- Provide antibacterial gloves and masks for your team, especially if they handle cash or go completely cashless (see below).
- Overly communicate the steps being taken to ensure sanitation and safety to employees. Go cashless – it is now more important than ever before to eliminate paper checks and cash from an operation from a sanitary perspective to protect your employees.
- It is also important to pay your hardworking team members and pay them fast. Compeat partners with rapid! PayCard to allow employees to get quick cashless and touchless access to their pay..
4. Restaurant of the Future
What does the restaurant of the future look like? That’s the question that is going through everyone’s minds as we begin to navigate a new normal. Restaurateurs are being more creative than ever and some innovative concepts are being unveiled day by day.
Taffers Tavern, a tavern chain associated with celebrity barkeep and TV star Jon Taffer, was in the works long before the pandemic, but the concept idea could just be the future.
Featuring a high-volume, hoodless/ventless restaurant format with a small footprint, Taffer’s Tavern disrupts the casual dining segment by leveraging the latest technology to produce high-quality food and beverage offerings without the need for a commercial kitchen. The first franchise location is anticipated to open in Atlanta in Fall 2020.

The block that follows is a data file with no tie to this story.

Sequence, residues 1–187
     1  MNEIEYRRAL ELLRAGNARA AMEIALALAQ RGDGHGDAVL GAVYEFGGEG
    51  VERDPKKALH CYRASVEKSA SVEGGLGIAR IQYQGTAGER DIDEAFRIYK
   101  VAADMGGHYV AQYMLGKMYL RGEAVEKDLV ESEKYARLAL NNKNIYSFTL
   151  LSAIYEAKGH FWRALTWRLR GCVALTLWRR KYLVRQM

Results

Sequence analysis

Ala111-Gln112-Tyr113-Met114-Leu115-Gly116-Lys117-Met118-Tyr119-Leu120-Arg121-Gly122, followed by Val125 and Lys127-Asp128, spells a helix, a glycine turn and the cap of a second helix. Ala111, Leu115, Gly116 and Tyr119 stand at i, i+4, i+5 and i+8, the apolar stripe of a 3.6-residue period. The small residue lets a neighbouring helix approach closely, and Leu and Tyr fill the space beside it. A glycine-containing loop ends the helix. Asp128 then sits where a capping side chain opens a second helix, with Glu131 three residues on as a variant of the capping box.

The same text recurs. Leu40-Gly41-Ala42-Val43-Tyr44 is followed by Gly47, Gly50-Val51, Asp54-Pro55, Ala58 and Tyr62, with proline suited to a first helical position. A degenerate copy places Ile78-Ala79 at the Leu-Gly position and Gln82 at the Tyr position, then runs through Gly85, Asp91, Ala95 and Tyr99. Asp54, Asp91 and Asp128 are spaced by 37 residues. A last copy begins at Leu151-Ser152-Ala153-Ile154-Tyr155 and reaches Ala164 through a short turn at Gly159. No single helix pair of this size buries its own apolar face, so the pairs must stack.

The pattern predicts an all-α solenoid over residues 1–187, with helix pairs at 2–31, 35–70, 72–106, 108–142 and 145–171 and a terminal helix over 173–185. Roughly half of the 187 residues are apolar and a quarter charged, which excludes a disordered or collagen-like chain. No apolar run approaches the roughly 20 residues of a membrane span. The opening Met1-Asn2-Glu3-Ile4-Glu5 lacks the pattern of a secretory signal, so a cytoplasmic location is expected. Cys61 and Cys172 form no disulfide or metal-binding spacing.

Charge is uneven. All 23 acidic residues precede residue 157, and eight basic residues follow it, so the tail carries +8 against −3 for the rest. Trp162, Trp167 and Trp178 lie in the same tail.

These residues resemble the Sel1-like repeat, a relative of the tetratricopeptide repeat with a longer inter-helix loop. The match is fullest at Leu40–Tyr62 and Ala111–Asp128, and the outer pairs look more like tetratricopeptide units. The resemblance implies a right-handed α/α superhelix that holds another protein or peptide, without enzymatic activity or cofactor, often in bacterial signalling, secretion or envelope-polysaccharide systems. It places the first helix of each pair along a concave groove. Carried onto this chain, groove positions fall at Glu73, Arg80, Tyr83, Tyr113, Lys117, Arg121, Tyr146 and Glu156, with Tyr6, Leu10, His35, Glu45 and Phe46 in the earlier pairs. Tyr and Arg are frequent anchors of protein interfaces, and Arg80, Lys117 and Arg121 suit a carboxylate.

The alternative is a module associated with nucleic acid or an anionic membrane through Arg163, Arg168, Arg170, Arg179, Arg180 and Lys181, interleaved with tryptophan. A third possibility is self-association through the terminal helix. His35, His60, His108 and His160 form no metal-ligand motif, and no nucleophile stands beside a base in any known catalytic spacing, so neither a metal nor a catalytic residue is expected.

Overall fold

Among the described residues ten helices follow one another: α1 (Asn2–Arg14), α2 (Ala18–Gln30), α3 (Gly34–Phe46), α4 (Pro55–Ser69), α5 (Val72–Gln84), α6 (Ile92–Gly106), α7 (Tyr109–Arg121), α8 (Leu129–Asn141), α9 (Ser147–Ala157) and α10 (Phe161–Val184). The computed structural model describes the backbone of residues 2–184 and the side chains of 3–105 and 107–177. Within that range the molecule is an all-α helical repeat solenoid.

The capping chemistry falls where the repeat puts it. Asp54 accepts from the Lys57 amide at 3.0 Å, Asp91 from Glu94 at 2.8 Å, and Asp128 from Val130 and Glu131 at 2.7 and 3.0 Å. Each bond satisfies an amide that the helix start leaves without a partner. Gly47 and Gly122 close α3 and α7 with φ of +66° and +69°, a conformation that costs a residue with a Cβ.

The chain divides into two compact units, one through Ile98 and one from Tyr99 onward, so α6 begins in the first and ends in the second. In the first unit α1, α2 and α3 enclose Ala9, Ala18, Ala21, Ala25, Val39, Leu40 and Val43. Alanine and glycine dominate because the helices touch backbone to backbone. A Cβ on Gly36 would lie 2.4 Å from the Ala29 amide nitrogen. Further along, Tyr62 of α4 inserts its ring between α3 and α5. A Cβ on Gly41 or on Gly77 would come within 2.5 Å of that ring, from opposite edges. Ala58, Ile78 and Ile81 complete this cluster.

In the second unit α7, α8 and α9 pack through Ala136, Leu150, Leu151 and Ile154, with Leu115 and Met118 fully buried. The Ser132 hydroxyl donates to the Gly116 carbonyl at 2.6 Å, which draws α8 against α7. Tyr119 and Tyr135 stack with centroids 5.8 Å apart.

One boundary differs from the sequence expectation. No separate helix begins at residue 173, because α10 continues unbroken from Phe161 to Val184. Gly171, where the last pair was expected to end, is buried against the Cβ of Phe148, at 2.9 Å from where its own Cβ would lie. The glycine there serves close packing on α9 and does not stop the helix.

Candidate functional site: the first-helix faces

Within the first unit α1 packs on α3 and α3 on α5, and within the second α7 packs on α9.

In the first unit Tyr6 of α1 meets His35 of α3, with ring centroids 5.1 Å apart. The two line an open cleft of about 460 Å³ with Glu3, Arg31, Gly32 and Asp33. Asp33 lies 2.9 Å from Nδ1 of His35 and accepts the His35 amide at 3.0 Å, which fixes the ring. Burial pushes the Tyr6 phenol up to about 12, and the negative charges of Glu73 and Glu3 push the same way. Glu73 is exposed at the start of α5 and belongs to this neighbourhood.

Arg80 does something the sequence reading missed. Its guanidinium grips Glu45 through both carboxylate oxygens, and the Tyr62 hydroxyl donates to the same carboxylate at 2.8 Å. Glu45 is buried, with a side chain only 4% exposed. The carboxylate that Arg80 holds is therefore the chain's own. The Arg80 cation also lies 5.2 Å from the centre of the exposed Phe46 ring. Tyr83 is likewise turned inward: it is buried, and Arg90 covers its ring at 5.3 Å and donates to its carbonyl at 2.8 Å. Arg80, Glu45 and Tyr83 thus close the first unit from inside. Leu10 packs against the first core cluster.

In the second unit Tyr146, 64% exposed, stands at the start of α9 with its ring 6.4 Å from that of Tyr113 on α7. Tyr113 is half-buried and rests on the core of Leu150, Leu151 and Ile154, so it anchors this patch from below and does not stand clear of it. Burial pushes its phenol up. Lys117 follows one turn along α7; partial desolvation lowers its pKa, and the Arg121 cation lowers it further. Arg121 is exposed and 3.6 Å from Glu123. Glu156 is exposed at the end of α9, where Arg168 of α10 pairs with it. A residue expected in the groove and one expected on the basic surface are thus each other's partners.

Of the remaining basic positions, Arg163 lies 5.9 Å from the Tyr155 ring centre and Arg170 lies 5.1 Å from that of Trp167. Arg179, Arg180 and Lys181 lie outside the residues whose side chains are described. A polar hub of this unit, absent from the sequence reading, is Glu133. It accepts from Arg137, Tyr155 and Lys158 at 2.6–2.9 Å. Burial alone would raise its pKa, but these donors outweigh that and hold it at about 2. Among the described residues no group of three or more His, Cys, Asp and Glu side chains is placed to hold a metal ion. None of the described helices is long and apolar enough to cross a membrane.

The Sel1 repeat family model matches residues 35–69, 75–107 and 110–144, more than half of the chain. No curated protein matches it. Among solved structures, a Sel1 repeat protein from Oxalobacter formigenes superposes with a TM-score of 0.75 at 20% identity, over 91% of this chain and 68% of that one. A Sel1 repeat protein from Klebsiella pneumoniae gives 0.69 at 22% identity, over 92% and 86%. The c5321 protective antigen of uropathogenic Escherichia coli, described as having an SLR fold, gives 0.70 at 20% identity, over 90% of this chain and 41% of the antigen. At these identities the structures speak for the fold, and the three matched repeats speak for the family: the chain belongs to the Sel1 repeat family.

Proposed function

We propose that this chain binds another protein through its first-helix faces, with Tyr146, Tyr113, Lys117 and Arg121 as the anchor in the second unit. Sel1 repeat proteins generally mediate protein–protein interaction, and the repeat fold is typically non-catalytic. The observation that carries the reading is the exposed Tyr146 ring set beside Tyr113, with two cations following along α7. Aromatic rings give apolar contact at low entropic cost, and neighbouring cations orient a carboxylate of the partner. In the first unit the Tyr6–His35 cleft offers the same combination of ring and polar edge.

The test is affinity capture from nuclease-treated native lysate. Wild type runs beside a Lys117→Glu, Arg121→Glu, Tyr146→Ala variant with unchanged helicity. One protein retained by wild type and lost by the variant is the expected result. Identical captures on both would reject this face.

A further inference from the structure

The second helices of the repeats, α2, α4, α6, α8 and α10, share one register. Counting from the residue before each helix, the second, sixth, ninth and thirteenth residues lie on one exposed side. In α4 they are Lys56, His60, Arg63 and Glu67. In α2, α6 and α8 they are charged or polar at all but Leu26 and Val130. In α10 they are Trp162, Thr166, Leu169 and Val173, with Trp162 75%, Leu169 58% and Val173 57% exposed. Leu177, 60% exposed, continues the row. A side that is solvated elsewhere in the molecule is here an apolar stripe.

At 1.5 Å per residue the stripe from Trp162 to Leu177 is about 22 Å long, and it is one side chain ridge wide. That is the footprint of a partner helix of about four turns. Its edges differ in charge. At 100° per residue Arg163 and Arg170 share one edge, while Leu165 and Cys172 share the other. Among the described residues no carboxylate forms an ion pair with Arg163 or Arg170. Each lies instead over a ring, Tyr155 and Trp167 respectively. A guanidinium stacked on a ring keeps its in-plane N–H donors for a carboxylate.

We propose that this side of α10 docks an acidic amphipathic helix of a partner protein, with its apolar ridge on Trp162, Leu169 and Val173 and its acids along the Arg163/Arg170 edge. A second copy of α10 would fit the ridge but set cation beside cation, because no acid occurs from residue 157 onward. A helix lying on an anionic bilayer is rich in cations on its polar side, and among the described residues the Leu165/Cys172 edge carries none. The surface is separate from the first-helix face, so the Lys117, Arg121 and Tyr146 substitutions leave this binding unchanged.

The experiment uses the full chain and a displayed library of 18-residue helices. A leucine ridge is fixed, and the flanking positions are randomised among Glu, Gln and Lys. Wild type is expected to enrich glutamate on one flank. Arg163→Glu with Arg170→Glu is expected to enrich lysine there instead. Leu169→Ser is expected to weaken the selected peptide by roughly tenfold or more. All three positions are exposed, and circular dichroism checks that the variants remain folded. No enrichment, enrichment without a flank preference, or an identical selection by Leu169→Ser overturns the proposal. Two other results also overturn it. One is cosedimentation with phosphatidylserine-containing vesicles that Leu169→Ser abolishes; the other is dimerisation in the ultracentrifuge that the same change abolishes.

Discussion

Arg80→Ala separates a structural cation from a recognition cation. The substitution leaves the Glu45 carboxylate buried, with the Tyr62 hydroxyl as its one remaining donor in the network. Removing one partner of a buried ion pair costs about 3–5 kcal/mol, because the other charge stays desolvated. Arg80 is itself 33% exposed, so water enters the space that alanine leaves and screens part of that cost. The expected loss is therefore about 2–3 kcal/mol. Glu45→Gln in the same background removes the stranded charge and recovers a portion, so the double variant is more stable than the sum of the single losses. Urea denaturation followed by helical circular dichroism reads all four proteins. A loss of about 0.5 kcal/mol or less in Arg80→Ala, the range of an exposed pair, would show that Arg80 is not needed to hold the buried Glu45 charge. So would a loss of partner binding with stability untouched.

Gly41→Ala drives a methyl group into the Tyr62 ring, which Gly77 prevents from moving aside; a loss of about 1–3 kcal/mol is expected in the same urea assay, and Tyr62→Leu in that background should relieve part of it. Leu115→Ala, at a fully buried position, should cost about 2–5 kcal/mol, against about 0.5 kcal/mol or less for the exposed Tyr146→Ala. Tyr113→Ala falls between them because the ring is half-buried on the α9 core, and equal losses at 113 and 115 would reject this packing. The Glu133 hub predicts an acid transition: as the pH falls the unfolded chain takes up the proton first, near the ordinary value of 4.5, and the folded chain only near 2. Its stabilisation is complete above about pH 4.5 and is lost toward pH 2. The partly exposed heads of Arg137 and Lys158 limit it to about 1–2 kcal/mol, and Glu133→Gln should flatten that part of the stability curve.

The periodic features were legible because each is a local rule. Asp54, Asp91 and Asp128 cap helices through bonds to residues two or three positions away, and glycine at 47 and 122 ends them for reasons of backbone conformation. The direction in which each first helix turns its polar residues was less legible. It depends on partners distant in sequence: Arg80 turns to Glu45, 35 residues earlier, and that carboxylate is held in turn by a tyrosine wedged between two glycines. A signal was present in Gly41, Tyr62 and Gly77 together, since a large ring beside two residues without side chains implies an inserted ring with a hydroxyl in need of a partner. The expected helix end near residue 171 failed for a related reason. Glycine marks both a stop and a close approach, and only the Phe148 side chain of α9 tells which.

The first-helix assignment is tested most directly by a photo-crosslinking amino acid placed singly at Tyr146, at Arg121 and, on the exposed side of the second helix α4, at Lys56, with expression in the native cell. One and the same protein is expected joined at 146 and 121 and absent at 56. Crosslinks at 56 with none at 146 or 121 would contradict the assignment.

Another futuristic restaurant idea we’re seeing is fine dining delivered straight to your home. Acclaimed chef and multi-concept restaurateur Daniel Boulud was among those who shuttered his businesses when dine-in bans swept the Big Apple.
But after two months, the chef and his team are back in action with a completely new concept, Daniel Boulud Kitchen, which is challenging the notion that fine dining does not travel well.
Just as the brick-and-mortar restaurant changes its menus regularly, so too does Daniel Boulud Kitchen. It debuted over Memorial Day weekend with the Sunday in Provence menu featuring dishes such as Salade Niçoise, ratatouille, focaccia, as well as a bottle of rosé. The picnic-inspired meal was $150 for two to three people or $275 for four to six. Yum!
Famous for their robot-made hamburgers, Creator in San Francisco is now using their techie forte to distribute meals in a safe, contact free manner. “Our entrance is now sealed, with all meals moving through a pressurized transfer chamber.
The chamber protects the inside of the restaurant from outside air, and has a self-sanitizing conveyor surface,” they explain on the company website. Guests can place orders through an intercom, and then pick up their hermetically sealed, double-bagged meals through the conveyor window.
These are just a few of the restaurant changes we’ve seen that we believe will stick around post pandemic in this new world we’re all adjusting to. Yes, change is upon us but if we all take this change as an opportunity to improve the way we run our business we will all come out stronger at the end of this all.
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Source: https:// www.compeat.com/blog/four-trends-of-post-covid-19-restaurant-operations/